Along with lack of libidic drive, Anorgasmia is one of the most commonly experienced female problems. It is a distressing condition to say the least and it is important to understand that the client's profound belief is that no matter how much stimulation is applied and for how long, she simply is not able to 'come' (often spelt 'cum'). That belief is part of the problem, of course, and part of our task is to gain an understanding that she has all the equipment necessary to do the job but that she has not yet properly learnt how to use it.
Anorgasmia, like so many sexual difficulties in both females and males, takes two forms: Primary and Secondary. In Primary Anorgasmia, she has never had an orgasm at any time. She has no idea what it feels like and cannot even begin to imagine 'what all the fuss is about', and sometimes wonders if she has had one without knowing it. Sometimes she will be aware that 'something started to happen but then it went away'; some individuals can achieve the 'plateau phase' but not progress beyond it; and yet others will only have experienced pleasant, definitely not exciting, sensations. In general, this individual will be far less frustrated than the individual suffering Secondary Anorgasmia for in this situation, the female has achieved orgasm in the past but has somehow lost the ability. Usually, not always, there will be adult trauma or guilt at the root of such a circumstance.
Although not truly a form of Anorgasmia, it is a not particularly unusual circumstance that a female can achieve a perfect orgasm via masturbation, though rarely or never from intercourse; it is tempting to believe that a psychological process is at work here and indeed it can be, but it is just as likely to have something to do with her partner or the way that they approach intercourse - though she may not be fully aware of this. This is one of the situations where she needs full awareness of the way that the female sexual self actually works. See: Intercourse Anorgasmia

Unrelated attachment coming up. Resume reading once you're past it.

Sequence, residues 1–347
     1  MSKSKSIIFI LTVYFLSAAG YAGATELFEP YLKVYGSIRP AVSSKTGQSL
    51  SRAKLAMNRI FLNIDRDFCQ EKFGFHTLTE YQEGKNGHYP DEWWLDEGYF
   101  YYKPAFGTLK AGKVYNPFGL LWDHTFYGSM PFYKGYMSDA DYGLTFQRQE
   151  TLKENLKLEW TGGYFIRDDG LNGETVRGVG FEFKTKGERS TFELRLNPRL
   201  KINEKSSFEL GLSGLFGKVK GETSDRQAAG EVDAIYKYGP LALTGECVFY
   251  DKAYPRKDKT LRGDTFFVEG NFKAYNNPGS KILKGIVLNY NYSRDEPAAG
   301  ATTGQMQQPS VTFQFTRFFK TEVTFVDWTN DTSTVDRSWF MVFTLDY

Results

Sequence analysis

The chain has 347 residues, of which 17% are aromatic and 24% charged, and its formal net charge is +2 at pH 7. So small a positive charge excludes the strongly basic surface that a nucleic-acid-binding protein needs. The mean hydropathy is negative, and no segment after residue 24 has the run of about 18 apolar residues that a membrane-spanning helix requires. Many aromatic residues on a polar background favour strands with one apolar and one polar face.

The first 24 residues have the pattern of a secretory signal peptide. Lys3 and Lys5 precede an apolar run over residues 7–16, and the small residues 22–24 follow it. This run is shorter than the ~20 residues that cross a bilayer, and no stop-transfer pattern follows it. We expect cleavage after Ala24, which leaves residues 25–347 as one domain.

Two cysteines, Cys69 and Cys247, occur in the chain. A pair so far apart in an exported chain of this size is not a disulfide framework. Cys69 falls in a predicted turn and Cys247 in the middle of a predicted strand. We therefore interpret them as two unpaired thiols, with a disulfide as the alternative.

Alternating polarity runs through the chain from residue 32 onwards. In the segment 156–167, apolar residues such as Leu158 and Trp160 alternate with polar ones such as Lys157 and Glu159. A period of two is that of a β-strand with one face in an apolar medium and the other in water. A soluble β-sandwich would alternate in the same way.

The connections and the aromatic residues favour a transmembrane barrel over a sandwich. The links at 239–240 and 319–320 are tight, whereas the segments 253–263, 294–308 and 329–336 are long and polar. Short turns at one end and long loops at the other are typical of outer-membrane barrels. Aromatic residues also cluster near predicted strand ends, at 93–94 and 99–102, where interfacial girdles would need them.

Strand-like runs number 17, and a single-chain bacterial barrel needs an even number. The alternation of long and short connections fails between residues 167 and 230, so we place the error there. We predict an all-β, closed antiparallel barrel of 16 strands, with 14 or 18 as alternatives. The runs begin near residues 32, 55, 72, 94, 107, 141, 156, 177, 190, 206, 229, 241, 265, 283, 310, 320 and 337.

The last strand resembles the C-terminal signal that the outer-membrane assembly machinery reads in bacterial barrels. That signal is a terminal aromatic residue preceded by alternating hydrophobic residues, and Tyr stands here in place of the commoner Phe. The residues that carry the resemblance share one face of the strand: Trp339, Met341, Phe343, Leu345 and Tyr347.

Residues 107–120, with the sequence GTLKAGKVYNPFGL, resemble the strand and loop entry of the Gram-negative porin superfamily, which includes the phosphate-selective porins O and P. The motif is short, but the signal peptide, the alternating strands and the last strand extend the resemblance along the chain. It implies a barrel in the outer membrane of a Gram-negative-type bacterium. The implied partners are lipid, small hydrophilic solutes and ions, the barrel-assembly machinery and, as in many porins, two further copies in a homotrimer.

One of the commonest physical causes of anorgasmia is the use of anti-depressant medication, including the newer selective-serotonin-reuptake-inhibitors (SSRI) and it is obviously important that we check on that possibility, maybe referring her back to her medical doctor if this proves to be the case. If she still needs the medication, then it is possible that a different prescription will eliminate the problem.
Sometimes, the difficulty can be resolved simply by studying the Female Masturbation Guide on this site - sometimes all that is really needed is a little private practice in order to gain confidence. If you are suffering from this problem, it is possible that you have been taught that the genital area is a 'naughty' or 'forbidden' part of the body; if this is so, ask yourself exactly what whoever taught you that wanted to happen as a result and exactly why they wanted that to happen. Sometimes, using a hand mirror to study your genitalia while exploring to see what feels good can also be of great assistance since this will tend to desensitise you to any feelings of guilt associated with sexual arousal.